Pruning BACKYARD ORCHARD CULTURE is simple. When planting a bareroot tree, cut side limbs back by at least two-thirds to promote vigorous new growth. Then, two or three times per year, cut back or remove limbs and branches to accomplish the following:

First year

  • At planting time, bareroot trees may be topped as low as 15″ up from the ground to force very low scaffold limbs or trees may be topped higher than 15″ (up to four feet) depending on the presence of well spaced existing side limbs or desired tree form. After the spring flush of growth cut the new growth back by half (late April/early May in Central Calif.). In late summer (late August to mid-September) cut the subsequent growth back by half. Size control and development of low fruiting wood begins now.


  • When selecting containerized trees for planting in late spring/early summer, select trees with well-placed low scaffold limbs. These are usually trees that were cut back at planting time to force low growth. Cut back new growth by half now, and again in late summer.


  • Two/three/four trees in one hole -At planting time, plant each tree 18″ to 24″ apart. Cut back all trees to the same height. Cut back new growth by half in spring and late summer as above. In the first two years especially, cut back vigorous varieties as often as necessary. Do not allow any variety to dominate and shade out the others. Plant each grouping of 3 or 4 trees in one hole at least 12′ to 15′ feet apart to allow for adequate light penetration and good air circulation.


  • Hedgerow plantings – Easiest to maintain when spaced at least 3 or more feet apart. Make sure that the placement of the hedgerow does not block air circulation and light from other plantings.

To conserve water, it is recommended to apply at least a 4-inch layer of mulch to 4 feet from the tree for single trees or from the center of the planting for 2, 3, or 4 trees in one hole.

Second year

  • Pruning is the same as the first year; cut back new growth by half in spring and late summer. For some vigorous varieties, pruning three times may be the easiest way to manage the tree: spring, early summer and late summer. Thin to an open center beginning in the second season. Prune singletree plantings to vase shape. Multi plantings thin out the center to allow plenty of sunlight into the interior of the group of trees. Remove broken limbs. Remove diseased limbs well below signs of disease.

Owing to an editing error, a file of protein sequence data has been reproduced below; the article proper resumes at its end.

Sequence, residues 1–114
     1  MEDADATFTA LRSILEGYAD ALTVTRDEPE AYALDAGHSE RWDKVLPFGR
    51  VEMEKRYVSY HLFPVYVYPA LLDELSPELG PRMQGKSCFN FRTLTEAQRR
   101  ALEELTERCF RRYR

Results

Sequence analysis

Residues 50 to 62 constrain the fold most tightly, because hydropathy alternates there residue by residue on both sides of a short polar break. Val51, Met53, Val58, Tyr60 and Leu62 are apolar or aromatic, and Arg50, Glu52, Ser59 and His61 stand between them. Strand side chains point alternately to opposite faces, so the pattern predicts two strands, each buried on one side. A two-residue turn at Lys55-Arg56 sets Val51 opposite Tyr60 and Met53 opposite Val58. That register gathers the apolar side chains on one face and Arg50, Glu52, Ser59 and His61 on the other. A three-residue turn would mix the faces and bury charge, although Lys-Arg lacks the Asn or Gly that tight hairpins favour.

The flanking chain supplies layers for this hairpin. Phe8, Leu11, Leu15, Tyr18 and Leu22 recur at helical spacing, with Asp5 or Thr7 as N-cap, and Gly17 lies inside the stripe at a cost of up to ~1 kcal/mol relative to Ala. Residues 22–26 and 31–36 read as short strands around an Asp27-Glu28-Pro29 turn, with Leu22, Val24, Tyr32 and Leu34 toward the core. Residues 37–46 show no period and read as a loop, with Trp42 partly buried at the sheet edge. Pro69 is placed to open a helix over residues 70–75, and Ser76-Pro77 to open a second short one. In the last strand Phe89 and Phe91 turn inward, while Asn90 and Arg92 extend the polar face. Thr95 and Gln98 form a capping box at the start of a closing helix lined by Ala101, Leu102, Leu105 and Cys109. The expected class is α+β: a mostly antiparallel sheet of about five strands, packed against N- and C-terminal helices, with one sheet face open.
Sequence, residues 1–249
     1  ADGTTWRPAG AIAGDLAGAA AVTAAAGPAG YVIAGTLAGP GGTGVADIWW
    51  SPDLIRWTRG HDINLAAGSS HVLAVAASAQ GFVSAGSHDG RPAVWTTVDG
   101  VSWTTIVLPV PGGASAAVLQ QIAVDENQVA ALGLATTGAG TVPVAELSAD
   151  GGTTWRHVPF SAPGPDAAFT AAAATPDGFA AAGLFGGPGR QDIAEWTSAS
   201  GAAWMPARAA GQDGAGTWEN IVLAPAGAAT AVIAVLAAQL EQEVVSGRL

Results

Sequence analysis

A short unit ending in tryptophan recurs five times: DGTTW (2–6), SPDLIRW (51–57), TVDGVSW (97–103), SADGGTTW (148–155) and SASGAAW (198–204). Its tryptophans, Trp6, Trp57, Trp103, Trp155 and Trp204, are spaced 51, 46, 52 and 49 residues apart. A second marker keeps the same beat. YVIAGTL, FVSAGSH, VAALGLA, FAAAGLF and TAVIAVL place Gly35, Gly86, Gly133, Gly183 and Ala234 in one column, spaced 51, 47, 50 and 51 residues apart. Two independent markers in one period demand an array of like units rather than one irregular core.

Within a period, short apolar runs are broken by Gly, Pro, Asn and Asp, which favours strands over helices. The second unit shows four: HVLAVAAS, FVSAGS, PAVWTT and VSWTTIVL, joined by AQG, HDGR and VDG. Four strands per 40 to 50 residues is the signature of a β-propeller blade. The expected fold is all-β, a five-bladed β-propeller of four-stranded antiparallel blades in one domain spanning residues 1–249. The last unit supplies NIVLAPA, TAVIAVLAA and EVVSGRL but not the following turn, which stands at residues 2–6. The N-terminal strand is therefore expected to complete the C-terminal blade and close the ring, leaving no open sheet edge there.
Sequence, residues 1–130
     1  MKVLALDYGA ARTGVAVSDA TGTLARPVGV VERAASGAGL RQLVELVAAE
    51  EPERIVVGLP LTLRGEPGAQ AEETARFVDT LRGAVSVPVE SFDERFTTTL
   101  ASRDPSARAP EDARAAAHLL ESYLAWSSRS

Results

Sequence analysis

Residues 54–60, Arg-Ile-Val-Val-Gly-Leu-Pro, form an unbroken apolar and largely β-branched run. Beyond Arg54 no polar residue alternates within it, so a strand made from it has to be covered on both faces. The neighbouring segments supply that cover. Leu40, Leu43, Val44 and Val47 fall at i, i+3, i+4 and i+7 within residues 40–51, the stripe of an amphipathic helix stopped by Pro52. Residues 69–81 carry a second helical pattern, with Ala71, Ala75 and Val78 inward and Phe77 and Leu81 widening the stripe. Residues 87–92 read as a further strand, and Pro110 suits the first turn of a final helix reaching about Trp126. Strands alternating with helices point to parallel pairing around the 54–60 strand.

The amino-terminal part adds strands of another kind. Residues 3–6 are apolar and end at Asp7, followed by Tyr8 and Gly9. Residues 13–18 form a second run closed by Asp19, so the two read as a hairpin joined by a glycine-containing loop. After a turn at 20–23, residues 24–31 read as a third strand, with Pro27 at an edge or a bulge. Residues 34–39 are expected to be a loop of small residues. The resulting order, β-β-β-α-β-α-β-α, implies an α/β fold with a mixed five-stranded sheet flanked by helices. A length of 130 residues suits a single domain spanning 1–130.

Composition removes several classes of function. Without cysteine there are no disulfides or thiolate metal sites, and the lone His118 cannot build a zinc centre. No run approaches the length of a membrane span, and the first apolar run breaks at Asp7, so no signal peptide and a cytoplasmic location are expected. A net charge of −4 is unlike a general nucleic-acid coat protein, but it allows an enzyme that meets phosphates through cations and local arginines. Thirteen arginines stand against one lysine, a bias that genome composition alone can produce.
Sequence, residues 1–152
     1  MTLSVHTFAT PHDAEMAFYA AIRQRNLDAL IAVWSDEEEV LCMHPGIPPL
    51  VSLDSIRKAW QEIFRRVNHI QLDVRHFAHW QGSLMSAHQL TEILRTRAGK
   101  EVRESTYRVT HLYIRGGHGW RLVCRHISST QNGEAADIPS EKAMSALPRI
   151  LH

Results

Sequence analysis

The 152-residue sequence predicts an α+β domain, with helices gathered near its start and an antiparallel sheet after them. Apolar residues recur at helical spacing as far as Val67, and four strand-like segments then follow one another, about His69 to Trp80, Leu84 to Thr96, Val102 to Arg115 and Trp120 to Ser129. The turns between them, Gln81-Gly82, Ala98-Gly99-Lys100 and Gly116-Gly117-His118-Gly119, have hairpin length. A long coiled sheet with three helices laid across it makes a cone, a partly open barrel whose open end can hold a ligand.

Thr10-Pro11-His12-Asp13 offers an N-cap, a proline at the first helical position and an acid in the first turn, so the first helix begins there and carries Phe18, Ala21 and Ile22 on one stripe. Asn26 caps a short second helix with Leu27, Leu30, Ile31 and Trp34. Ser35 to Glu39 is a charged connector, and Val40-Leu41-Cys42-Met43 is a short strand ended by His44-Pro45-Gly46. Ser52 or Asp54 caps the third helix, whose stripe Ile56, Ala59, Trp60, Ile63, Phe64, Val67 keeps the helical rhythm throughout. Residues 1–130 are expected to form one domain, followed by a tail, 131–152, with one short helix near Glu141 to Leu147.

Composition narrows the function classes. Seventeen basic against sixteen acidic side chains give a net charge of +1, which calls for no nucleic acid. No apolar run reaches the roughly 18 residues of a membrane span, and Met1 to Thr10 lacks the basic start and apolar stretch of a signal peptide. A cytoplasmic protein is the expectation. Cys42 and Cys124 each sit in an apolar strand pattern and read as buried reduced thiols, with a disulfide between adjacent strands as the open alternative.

Third year

  • Choose a height and don’t let the tree get any taller. Tree height is the decision of the pruner. When there are vigorous shoots above the chosen height, cut back or remove them. Again, in late spring/early summer, cut back all new growth by at least half.


  • The smaller one, two, and three-year old branches that bear the fruit should have at least six inches of free space all around. This means that where two branches begin close together and grow in the same direction, one should be removed. When limbs cross one another, one or both should be cut back or removed.


  • When removing large limbs, first saw part way through the limb on the under side ahead of your intended cut. Do this so it won’t tear the trunk as it comes off. Also, don’t make the final cut flush with the trunk or parent limb – be sure to leave a collar (a short stub).


  • Apricots will require more pruning in the summer to control height. Prune as needed (2 to 3 times in the summer) to keep the tree from getting too much growth. Be careful not to cut too much at one time, this will cause excess sun exposure of unprotected limbs, which can cause sunburn to the interior limbs.


  • To develop an espalier, fan, or other two-dimensional form, simply remove everything that doesn’t grow flat. Selectively thin and train what’s left to space the fruiting wood.


  • Don’t let the pruning decisions inhibit you or slow you down. There are always multiple acceptable decisions – no two people would prune a tree exactly the same. You learn to prune by pruning!

For further advice consult your nursery professional.


  • Smaller trees are easier to spray, prune, thin, net, and harvest! And, with small trees, it’s possible to have more varieties that ripen at different times. The easiest way to keep trees small is by summer pruning. There are lots of styles, methods, and techniques of summer pruning; most of them are valid. The important thing is to prune!


  • The concepts and techniques of BACKYARD ORCHARD CULTURE are learned and implemented year by year. An integral part of BACKYARD ORCHARD CULTURE is knowing your nursery professionals and consulting them when you have questions.


  • There is a definite sense of accomplishment and satisfaction, a special pleasure in growing your own fruit, in growing new varieties of fruit, in producing fruit that is unusually sweet and tasty, in having fruit over a long season, and in sharing tree-ripe fruit with others. These are the rewards of learning and experimenting with new cultural practices and techniques, the rewards of becoming an accomplished backyard fruit grower.


There’s no excuse for neglected trees, maintenance undone, or lack of know-how. BACKYARD ORCHARD CULTURE is an attitude: “just do it!”

Examples of High-Density Planting

1 O’ x 1 O’ Area.
Four trees in one hole, 15″ apart.

9′ x 1 0′ Area.
Three trees in one hole, 15″ apart.

8′ x 9′ Area.
Two trees in one hole, 15″ apart.

1 O’ x 20′ Area.
Two sets of four trees in one hole. In each set, trees 15″ apart.

15′ x 20′ Area.
Two sets of four trees in one hole, plus two espaliered trees.


1 0′ x 36′ Area.
12 trees in a hedgerow, 36″ apart (or plant three sets of four trees in one hole).


15′ x 36′ Area.
12 trees in a hedgerow, 36″ apart, plus three espaliered trees.


10′ x 15′ informal.
Six trees in one hole. Use your imagination!

Copyright 2006 Dave Wilson Nursery, Hickman, CA